Clostridium difficile toxin DNA

Useful For

Detection of toxigenic Clostridium difficile DNA


Indications for Testing

In-patients with healthcare associated acquired diarrhea in a patient with prior or concurrent antibiotic exposure


Special Instructions and Forms

C. difficile associated diarrhea is a Provincial Notifiable Disease.



Method Name

Loop-mediated isothermal DNA amplification (LAMP).


Reporting Name

C. difficile toxin DNA



Clostridium difficile

C. difficile


Clostridium difficile associated diarrhea


Pseudomembranous colitis

Clostridium difficile infection


Antibiotic associated diarrhea


Specimen Required

Unpreserved stool: Unformed (diarrhea) in sterile screw cap container.


Cary-Blair-preserved stool: Unformed (diarrhea) in Cary-Blair screw cap collection container.


Specimen Minimum Volume

1 g


Transport Temperature

Specimen Room temperature Refrigerated Frozen
Unpreserved stool NO YES* YES
Cary-Blair Preserved stool NO YES* YES

* Refrigerate up to 5 days, if longer delay anticipated freeze.


Reject Due To

Formed stool Not consistent with CDAD
Preservative other than Cary-Blair
Positive test within previous 14 days Not a test of cure
≥ 3 negative tests in preceding 7 days Consider alternative diagnosis

Useful For

Detection of toxigenic C. difficile in hospitalized, institutionalized or community patients with diarrhea and demonstrated current or recent antibiotic exposure.


Clinical Information

C. difficile, the major cause of antibiotic-associated pseudomembranous colitis, is also the most frequently identified cause of hospital-acquired diarrhea. C. difficile is present asymptomatically as part of the bowel microbiota in up to half of all healthy neonates during the first year of life; the carriage rate decreases to the adult rate of ≤ 3% by the age of 2. Many antibiotics and anticancer drugs disrupt the bowel microbiota sufficiently for C. difficile to proliferate and precipitate disease. In addition, C. difficile may become problematic in patients with bowel stasis and those who had bowel surgery. The clinical manifestations of CDAD (C. difficiles associated diarrhea) range from a self-limiting diarrheal disease that disappears when antibiotics are discontinued to fulminant presentations with characteristic pseudomembranes within the large intestine and progression to toxic megacolon, bowel perforation and death.


The genus Clostridium comprises obligately anaerobic rods that usually stain Gram-positive in young cultures. Clostridium species are widespread in the environment partly due to their ability to form resistant endospores. They are found in soil, feces, sewage, and marine sediments. C. difficile has been isolated from various natural habitats and the feces of domestic animals and humans. Outbreaks in hospital-acquired C. difficile enteric infections are often traceable to environmental sources and other typical background factors for nosocomial infection. Toxigenic and nontoxigenic strains exist in the environment. Only toxigenic strains are associated with clinical disease. Two large toxin proteins (TcdA [or toxin A] and TcdB [toxin B]) are thought to be the primary virulence factors of C. difficile. These toxins are encoded by two separate genes, named tcdA and tcdB, respectively. Together, with three additional genes, they form a 19.6kb pathogenicity locus called PaLoc. Nontoxigenic strains lack PaLoc.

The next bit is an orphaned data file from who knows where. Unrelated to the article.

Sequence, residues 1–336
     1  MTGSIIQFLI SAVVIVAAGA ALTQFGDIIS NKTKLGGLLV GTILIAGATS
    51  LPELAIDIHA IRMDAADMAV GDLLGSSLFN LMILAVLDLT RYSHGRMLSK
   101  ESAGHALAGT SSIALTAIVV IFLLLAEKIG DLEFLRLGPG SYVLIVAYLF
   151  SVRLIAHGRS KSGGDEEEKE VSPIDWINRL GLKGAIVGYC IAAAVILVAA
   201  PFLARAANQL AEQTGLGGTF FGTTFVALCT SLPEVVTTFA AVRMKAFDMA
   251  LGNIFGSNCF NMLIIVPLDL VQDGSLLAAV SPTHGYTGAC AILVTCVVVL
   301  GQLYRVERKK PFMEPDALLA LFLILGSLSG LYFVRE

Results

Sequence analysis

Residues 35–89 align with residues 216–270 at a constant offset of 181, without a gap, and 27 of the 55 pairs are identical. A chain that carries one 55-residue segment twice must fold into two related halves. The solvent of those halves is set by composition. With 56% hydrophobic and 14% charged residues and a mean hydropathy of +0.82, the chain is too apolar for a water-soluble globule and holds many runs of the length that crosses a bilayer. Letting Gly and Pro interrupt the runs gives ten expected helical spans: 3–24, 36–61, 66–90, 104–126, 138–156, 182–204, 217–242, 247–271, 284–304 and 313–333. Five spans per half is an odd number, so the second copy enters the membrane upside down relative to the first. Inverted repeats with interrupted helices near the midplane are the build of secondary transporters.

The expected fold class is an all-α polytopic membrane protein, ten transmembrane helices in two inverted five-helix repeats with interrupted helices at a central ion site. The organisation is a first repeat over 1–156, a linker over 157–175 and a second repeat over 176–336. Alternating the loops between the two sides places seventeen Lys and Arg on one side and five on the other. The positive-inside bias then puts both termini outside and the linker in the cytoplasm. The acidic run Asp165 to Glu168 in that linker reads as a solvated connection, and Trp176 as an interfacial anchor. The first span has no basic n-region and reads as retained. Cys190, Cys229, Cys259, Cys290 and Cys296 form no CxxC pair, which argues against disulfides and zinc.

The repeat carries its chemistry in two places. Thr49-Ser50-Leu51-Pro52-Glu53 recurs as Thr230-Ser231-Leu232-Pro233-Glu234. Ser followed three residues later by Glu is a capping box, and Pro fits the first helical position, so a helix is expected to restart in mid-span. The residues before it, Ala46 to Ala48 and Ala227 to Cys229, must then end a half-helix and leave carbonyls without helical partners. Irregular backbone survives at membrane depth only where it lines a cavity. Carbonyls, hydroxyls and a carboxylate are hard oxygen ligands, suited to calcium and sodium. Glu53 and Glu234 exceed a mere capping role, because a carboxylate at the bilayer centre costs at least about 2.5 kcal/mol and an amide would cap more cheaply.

Reference Values




C. diffile toxin DNA DETECTED:
Presence of toxigenic C. difficile.
Due to asymptomatic colonization, particularly for those ≤ 2 years old, clinical signs, symptoms and risk factors should be considered.


C. difficile toxin DNA NOT DETECTED:
No toxigenc C. difficile. A negative test cannot be used to exclude CDAD. If clinical signs, symptoms and risk factors are inconsistent with result consider
submission of repeat specimen.


C. difficile toxin INDETERMINATE:
Specimen submitted contained substances inhibitory to test. Please submit a recollected specimen to complete investigation.


Clinical Reference

Johnson, E. A., Summanen, P., and Finegold, S. M. 2007. Clostridium, p. 889-909. In Murray, P. R., Baron, E. J., Jorgensen, J. H., Landry, M. L., and Pfaller, M. A. Manual of Clinical Microbiology, 9th ed., vol. 2. ASM Press, American Society for Microbiology, Washington, DC.


Meridian Biosciences Inc. 2011. Illumigene C. difficile: Package insert. Meridian Biosciences Inc. Cincinnati, OH.


Onderdonk, A. B., and Garrett, W. S. 2010. Gas Gangrene and Other Clostridium-Associated Diseases, p. 3103-3109. In Mandell, D., Bennett, J. E., and Dolin, R. Principles and practice of infectious diseases, 7th ed., vol. 2. Churchill Livingstone, Elsevier, Philadelphia, PA.

Loop-mediated DNA amplification (LAMP)


Status Days Analytic Time Maximum Laboratory Time Specimen Retention
Routine Monday – Friday Same day 24h 1 week


Method Description

The illumigene® C. difficile DNA molecular assay is based on loop-mediated amplification technology, which uses specifically designed primers to the PaLoc pathogenicity locus to provide for specific and continuous isothermal DNA amplification. A by-product of this amplification is the formation of magnesium pyrophosphate, which forms a white precipitate leading to a turbid reaction solution. This presence of turbidity signifies a positive reaction while the absence of turbidity represents a negative reaction. The illumigene® C. difficile assay contains primers that specifically amplify a 204 bp
region of the conserved 5’ sequence of the tcdA gene within the PaLoc of toxigenic C. difficile in diarrheal stool samples from patients suspected of having C. difficile-associated disease.


Performing Laboratory Location

Newfoundland & Labrador Public Health Laboratory

St. John’s


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